Truth, the State, and Democracy: The Scope of the Legal Right of Free Expression

G. Stuart Adam (Carleton University)

Abstract: In democracies, the legal right of freedom of expression is regarded as a "core" right. The author starts with the declaration that it is not sufficiently valued in Canada. He then dissects it to reveal its inner structure and the social and individual interests it represents, and then demonstrates how it fits into the system of rights and powers which constitute the legal structure of society. He concludes by saying in matters of free expression the best State is the limited State.

Résumé: La liberté d'expression constitue en régime démocratique un droit fondamental. Selon l'auteur, ce droit est insuffisamment apprécié au Canada. Il l'analyse donc afin de révéler sa structure interne ainsi que les intérêts sociaux et personnels dont il est porteur. Il montre finalement son imbrication dans le système des droits et pouvoirs qui forment la structure légale de la société. L'auteur conclut qu'en matière de liberté d'expression le meilleur État est celui qui gouverne le moins.

Introduction

When an individual's right to speak or to publish is challenged or when that same person is told that it is all right to express a certain idea, but not in foul or insulting language, the ensuing discussion is likely to be conducted on one of two levels. It may be conducted on an informal level and the person who has exercised the right in a contentious way will be admonished, but not coerced, to reconsider what he or she has said. Or it may be conducted on a legal level, in which the debate takes place not on the street or in the columns of a newspaper but in a court in which the State, acting through a judge and sometimes a jury, will be asked to say authoritatively what is allowable. In the second case, the word "right" has a particular meaning. If the court says the opinions or the words that have been uttered are too objectionable or too harmful to be allowed and denies the "right" of one of the parties to speak them again, the discussion in which the words were spoken is stopped. Put more generally, if the court rules against the words, the State will have created silence where human voices might have been heard.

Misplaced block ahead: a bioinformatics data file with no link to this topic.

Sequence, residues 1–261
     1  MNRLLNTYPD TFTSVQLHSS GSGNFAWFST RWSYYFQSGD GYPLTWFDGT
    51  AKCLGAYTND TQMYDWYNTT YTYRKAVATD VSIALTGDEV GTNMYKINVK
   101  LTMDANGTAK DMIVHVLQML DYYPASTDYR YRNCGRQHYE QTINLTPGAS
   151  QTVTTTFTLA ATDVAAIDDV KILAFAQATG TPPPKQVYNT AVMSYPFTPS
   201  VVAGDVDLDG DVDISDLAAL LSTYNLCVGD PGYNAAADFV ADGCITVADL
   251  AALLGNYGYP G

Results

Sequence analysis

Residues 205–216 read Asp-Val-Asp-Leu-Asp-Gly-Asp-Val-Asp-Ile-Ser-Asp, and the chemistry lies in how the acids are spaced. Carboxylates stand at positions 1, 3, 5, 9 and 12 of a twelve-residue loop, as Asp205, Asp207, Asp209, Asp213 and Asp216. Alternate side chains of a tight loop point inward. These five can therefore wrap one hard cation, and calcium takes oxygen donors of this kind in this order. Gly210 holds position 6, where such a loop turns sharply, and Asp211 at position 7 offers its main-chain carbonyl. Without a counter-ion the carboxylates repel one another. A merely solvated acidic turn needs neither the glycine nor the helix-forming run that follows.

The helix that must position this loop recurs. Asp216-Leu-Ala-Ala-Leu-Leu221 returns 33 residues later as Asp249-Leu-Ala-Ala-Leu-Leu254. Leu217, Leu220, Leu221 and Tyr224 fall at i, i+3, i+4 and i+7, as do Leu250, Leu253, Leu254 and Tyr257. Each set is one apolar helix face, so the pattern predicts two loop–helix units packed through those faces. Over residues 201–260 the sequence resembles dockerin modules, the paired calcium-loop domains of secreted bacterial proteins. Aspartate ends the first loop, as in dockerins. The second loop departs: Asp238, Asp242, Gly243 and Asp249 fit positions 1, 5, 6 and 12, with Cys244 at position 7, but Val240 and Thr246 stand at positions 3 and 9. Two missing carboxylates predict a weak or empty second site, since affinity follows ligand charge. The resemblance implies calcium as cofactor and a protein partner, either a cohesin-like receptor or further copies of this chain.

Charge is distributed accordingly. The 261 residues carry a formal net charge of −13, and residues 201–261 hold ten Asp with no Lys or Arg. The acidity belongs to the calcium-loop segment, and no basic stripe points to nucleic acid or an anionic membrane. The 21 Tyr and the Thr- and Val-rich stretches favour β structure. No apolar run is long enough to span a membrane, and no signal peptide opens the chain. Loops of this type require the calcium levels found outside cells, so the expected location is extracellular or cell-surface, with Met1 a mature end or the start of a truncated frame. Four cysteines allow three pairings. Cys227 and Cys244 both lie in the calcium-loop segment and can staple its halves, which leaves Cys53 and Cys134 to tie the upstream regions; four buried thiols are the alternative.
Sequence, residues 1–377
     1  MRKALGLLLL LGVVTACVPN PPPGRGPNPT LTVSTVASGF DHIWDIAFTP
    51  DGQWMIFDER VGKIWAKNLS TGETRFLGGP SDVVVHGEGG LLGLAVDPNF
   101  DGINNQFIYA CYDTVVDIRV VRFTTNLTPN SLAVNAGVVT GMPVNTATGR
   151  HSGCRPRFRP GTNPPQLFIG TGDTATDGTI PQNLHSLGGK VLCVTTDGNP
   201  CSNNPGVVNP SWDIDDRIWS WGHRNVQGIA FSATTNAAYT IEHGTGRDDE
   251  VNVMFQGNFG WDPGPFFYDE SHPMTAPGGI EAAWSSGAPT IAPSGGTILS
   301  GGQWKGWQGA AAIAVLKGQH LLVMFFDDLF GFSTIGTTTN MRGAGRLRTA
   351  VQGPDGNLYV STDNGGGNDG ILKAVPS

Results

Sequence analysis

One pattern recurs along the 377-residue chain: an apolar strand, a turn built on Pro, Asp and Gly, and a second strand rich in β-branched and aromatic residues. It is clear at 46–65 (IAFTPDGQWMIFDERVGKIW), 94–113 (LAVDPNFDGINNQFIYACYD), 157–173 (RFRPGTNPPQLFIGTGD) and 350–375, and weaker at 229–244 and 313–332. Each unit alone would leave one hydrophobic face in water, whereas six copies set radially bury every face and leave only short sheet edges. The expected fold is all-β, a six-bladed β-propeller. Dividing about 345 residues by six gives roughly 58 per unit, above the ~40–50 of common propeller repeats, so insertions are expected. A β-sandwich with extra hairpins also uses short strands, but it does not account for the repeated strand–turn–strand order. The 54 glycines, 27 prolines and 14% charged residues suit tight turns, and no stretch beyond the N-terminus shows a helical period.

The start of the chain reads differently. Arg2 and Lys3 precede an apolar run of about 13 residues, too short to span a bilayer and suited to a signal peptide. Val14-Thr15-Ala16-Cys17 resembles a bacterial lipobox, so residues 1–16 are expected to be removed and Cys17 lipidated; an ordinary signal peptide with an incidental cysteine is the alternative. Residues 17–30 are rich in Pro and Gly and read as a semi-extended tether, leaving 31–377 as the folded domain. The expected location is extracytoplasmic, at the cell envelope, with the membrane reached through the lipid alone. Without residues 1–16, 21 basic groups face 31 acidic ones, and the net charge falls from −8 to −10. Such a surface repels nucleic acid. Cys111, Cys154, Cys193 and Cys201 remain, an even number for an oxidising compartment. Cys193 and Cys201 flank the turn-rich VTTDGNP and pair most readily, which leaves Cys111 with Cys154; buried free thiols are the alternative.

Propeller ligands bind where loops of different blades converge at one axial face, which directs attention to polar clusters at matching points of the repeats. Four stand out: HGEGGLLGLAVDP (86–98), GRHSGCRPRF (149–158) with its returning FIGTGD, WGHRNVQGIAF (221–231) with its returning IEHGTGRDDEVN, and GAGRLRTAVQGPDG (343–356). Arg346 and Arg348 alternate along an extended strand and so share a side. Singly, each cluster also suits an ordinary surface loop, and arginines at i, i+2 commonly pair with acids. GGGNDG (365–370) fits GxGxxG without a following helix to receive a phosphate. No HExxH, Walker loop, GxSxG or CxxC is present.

So the meaning we give to the idea of the legal right of freedom of speech or, more broadly, freedom of expression is important not only for individuals demanding personal freedom, but also for the way in which it shapes debate and discovery in society and thereby the quality of everyone's life. That legal right is the principal subject of this paper. My aim is to promote a deeper understanding of it.

I bring to this task a belief that it is not sufficiently appreciated in Canada. It has become, like our Constitution, a subject of controversy--no longer the axiomatic basis for our cultural and political life but increasingly a disputed ground which some interests seek to renegotiate. This is not to say that all changes in the laws affecting freedom of expression are unwarranted, but it does mean that as such laws or policies are being considered we are tampering with a foundation of the democratic edifice. We cannot afford to make mistakes. If we distrust the value of this freedom, we distrust Democracy itself.

My strategy is to dissect the several layers of this legal right and to view it organically within the intellectual and political culture in which it was formed. In section one, I classify rights generally and locate the legal concept of freedom of expression within the system of rights which mark democratic societies. In sections two and three, I examine the circumstances under which the concept evolved in the Anglo-democratic tradition and then provide a summary of the major arguments writers from the seventeenth century to the present have used to defend free speech against the power of the legislatures and the courts. This summary organizes and assesses the arguments in what I believe is a new way.

In the concluding section, I argue that the primary meaning we should give to the concept is the one that was established historically and involves maximum freedom from the power of the State. I say, in light of the historic arguments, what weight the concept should be given in law and then I assert that neither the courts nor the legislatures should limit such freedom except to ensure that democratic institutions are themselves free to operate and to ensure that the State can provide minimal and carefully defined conditions for national security, public order, public morality, and individual safety and/or well-being.